Recently I had to think about a Direct Marketing course at SRM that I took a long time ago. Everything was aimed at bombarding the target group with a marketing message and getting the most out of it. We were commissioned to devise a direct marketing campaign with a view to achieving results and limiting 'waste'. Using tricks such as a bulge in the envelope (yes!) and a number of PS lines, we had to make sure that we were on top of the pile on the desk and the direct mail was successful. You have to stand out and do everything you can so that your prospect opens the letter, reads it and converts. I decided to do something with a puzzle mailing I believe, there was something about a DMU and I wanted to bring it together. Yes, I had the illusion that a director would walk to his financial director with my mail in hand (puzzle piece 1) to complete his puzzle. The blush appears on my face as I write this.
As if we were trying to push a group of cows back into the barn through 1 gate.
The final assignment was assessed by 3 old hands in the field, classic marketing experts. How much conversion do you think you will get with this? How did you arrive at this number? Does your mailing stand out enough? How do you deal with the DMU within the organization? And if you call the mailing because yes, not everyone will respond to your first push, you will have to push again, how are you going to arrange that? As if we were trying to push a group of cows back into the barn through 1 gate.
Sometimes a question arose about the content during the course, but it didn't seem relevant. Strategy and tactics are apparently about which resources you use when, how you plan them, which numbers belong to them and what the lead funnel looks like during the ride. The entire substantive context seemed to disappear into the background. I had a bad feeling about it.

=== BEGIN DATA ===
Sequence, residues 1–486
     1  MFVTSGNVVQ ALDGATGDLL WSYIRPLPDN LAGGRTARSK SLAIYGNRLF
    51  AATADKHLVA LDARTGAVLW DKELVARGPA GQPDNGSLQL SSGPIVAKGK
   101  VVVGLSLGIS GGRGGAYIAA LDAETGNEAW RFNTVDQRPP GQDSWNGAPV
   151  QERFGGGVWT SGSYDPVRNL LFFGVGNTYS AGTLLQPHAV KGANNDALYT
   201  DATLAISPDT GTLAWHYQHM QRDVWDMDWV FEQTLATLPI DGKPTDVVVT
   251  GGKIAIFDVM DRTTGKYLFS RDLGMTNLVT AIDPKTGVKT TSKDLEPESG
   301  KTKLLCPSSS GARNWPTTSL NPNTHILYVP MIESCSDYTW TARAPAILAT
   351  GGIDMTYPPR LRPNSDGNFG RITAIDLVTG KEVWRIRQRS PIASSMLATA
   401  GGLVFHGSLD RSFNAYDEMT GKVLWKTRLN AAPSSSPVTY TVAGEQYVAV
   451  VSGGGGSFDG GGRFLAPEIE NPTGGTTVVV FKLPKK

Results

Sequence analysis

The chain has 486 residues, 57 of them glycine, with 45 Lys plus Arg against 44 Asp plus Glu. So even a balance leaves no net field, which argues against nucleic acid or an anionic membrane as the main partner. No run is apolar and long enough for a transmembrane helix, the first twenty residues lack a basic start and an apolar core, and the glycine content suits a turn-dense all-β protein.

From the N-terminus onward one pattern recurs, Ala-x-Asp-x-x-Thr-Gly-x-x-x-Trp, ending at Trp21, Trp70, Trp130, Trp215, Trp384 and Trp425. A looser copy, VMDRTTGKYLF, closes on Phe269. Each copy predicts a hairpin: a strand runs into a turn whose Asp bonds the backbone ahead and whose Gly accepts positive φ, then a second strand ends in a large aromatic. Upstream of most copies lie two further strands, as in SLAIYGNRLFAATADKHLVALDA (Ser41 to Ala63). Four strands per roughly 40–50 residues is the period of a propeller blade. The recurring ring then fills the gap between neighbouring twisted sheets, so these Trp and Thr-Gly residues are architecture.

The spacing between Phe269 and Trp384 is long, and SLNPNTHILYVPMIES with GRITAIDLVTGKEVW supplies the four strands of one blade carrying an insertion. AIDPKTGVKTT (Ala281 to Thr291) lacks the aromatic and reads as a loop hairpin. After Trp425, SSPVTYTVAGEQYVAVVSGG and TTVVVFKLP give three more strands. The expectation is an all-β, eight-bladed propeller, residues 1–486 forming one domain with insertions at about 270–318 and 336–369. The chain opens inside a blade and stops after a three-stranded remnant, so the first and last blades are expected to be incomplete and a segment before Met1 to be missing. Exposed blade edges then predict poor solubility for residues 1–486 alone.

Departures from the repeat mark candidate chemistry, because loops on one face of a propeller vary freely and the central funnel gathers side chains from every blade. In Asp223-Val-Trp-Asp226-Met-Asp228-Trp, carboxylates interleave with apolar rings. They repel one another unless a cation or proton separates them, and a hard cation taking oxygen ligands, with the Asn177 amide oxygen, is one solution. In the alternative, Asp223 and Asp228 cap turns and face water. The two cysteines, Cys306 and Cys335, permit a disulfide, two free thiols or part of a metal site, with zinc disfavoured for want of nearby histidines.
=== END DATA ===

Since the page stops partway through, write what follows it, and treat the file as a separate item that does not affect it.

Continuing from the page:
Content marketing is legit!
But then again, you have a training course on your resume, apparently that's what it's all about. Yet it has opened my eyes; you know better and better what you don't want once you actually go through it. I am a happy marketer because the tide has turned; we can finally talk about the content! Which means; Boards support investments in content marketing and seem to recognize that thought leadership delivers much more in the long run than ordinary DM campaigns. And that makes content marketing legitimate.
“Stop interrupting, start engaging”
That does not mean that there are no DMs in Content Marketing. I am convinced that all means can be used for content marketing. As long as you deliver content and do not disturb or harass the target group. “Stop interrupting, start engaging”; says the much-discussed quote. If the DM is a nice invitation for a substantive event about my industry or field, I do not experience it as disturbing but as a welcome surprise. Anyway; marketing is much more fun, for target groups but certainly also for marketers!
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I had a look at the SRM training site. The DM training I've done doesn't seem to be offered anymore. Fortunately.
Photo: National Geographic